Pennsylvania Took Familiar Path to Pension Underfunding


Pennsylvania’s pension underfunding stems from a series of policy decisions – a mix of contribution holidays and benefit increases – made in the 1990’s and early 2000’s.

Pennsylvania’s choices mirror the shortsighted path that many states, such as Illinois and New Jersey, have taken.

TribLive outlines the key policy decisions that played a part in the state’s current pension funding situation:

Legislators and past governors contributed to the problem significantly, records show. About 70 percent of the liability arose from policy decisions in 2001 and 2004, according to data from the House Democratic Appropriations Committee.

Experts say the crisis began even before that, in the 1990s.


Chronic underfunding began between 1995 and 1999 when a booming economy, with good returns on investments, caused officials to lower contributions, according to a study by the National Association of State Retirement Administrators. The required contribution rate dropped as low as zero for some plans.

Before 9/11 sent financial markets tumbling, the pension funds for public employees were overfunded. In May that year, lawmakers and former Gov. Tom Ridge passed Act 9 of 2001 to raise benefits for employees by about 25 percent, in the future and retroactively.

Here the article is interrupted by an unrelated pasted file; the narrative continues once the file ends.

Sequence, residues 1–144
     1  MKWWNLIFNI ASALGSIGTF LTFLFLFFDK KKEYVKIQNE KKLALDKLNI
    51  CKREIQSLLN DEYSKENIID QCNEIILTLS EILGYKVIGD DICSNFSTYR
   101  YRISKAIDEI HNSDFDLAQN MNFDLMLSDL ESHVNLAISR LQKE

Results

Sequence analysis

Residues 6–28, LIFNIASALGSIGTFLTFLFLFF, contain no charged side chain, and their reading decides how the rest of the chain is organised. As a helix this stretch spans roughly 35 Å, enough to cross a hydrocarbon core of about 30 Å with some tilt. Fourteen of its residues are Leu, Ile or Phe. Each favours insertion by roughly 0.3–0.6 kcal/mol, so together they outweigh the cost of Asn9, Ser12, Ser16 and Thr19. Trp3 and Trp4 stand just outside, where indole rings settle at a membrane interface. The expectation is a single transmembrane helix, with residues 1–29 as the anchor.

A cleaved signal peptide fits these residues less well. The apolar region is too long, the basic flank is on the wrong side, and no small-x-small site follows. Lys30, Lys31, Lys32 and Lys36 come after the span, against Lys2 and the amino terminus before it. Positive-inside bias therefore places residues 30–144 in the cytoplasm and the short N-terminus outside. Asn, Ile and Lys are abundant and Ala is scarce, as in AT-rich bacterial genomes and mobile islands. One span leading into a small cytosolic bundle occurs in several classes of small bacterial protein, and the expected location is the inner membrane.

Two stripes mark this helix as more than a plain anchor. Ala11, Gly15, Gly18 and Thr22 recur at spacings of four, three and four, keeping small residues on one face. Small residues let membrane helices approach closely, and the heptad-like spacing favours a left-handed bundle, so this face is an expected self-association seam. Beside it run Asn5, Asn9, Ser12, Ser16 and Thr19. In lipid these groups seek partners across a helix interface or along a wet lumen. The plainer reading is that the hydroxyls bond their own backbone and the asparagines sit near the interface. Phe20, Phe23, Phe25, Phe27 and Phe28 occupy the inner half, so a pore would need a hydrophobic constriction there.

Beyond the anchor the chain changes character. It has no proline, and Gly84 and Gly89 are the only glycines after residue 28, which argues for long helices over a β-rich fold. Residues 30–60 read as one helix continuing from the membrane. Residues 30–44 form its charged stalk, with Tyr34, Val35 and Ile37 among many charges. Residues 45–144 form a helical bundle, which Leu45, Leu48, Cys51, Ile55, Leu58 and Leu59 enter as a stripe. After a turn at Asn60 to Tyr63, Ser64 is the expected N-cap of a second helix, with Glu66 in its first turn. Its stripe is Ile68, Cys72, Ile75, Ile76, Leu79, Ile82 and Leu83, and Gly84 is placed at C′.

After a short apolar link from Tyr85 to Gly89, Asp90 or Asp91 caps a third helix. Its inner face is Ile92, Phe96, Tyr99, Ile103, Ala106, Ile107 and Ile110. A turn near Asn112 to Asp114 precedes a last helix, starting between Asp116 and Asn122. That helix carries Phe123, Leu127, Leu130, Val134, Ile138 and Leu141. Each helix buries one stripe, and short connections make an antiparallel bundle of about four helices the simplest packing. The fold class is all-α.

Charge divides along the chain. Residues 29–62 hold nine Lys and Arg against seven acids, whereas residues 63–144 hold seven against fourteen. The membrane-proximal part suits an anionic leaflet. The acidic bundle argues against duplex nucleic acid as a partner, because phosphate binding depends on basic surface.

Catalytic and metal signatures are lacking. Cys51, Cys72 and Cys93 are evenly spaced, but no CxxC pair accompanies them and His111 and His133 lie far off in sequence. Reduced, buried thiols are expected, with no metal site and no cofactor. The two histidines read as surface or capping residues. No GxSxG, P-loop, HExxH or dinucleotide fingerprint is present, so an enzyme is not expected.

The law required employees to contribute more to help cover costs. It gave lawmakers a 50 percent pension boost.

“The stock market had been going up and everybody was pretty giddy about that, and they lost track of reality for a while,” said Leckrone. “… They basically increased the amounts of pension payouts and lowered the amount they were requiring districts and governments to put into the pension fund.”

Then the terror attacks cut investment returns dramatically, and the state struggled to find money for retirement plans.

In the ensuing years, to fill budget gaps, Gov. Ed Rendell’s administration made the fateful choice to artificially reduce employer contributions, compounding the problem. In 2004, the rate slipped beneath 100 percent-funded for the first time since the 1980s.

The 2008 recession exacerbated the mounting pension problem. That year alone, the PSERS net investment loss was $19.5 billion.

The state’s pension systems are currently 58 percent funded.


Photo credit: “Flag-map of Pennsylvania” by Niagara – Own work from File:Flag of Pennsylvania.svg and File:USA Pennsylvania location map.svgThis vector image was created with Inkscape. Licensed under CC BY-SA 3.0 via Wikimedia Commons 

Share This Post

Recent Articles

Leave a Reply

Privacy Policy | © 2019 Pension360 and © 2014 Policy Data Institute | Site Admin · Entries RSS ·